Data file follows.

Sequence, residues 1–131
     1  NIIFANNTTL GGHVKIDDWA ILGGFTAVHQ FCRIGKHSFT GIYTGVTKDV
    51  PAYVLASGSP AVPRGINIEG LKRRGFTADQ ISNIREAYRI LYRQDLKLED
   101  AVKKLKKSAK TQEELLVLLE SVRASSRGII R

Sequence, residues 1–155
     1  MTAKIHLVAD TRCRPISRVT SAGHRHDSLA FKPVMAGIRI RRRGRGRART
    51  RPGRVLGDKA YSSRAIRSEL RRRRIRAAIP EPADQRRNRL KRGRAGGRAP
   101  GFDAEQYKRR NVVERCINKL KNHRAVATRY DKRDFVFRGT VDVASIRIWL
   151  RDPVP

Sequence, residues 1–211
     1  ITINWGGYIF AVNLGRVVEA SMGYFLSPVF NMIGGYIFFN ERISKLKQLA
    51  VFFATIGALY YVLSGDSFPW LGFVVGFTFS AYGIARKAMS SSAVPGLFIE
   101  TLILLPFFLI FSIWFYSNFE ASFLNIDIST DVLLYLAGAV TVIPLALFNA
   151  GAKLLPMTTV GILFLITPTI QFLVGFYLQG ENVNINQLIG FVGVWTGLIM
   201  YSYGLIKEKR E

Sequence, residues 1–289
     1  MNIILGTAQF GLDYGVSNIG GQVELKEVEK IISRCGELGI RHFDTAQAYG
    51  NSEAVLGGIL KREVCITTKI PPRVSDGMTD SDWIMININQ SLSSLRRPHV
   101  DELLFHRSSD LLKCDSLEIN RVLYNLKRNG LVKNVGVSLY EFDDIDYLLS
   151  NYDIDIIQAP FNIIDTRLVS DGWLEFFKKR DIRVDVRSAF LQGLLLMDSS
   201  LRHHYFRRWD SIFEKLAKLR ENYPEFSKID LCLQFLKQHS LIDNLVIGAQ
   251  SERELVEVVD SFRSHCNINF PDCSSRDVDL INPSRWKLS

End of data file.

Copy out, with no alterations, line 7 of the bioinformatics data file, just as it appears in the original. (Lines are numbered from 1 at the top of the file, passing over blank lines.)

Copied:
    51  RPGRVLGDKA YSSRAIRSEL RRRRIRAAIP EPADQRRNRL KRGRAGGRAP